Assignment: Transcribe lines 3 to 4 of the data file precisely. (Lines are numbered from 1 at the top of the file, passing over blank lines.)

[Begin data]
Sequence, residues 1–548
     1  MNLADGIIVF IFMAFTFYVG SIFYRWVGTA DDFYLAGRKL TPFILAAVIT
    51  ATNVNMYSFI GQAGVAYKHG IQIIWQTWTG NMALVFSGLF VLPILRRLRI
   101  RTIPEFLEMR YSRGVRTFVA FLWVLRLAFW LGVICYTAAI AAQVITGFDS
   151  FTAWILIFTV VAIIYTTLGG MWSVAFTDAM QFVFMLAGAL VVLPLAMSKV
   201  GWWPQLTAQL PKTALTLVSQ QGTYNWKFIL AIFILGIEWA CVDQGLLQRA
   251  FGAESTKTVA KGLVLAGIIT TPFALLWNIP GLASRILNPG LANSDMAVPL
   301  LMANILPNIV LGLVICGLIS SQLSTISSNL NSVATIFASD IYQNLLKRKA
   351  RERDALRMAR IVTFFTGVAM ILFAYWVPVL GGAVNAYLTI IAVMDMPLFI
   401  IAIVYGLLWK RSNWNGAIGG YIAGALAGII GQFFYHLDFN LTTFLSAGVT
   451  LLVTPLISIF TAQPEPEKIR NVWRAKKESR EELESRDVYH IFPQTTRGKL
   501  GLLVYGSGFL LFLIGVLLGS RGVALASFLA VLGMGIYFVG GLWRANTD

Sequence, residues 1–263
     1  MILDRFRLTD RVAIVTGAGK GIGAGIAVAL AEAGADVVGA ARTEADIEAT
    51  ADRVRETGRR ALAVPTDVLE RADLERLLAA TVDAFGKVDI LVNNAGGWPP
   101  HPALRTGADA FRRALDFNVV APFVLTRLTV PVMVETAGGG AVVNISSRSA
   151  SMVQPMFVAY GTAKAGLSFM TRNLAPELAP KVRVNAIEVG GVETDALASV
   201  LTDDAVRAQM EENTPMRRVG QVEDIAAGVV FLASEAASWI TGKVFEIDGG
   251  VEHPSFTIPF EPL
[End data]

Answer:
    51  ATNVNMYSFI GQAGVAYKHG IQIIWQTWTG NMALVFSGLF VLPILRRLRI
   101  RTIPEFLEMR YSRGVRTFVA FLWVLRLAFW LGVICYTAAI AAQVITGFDS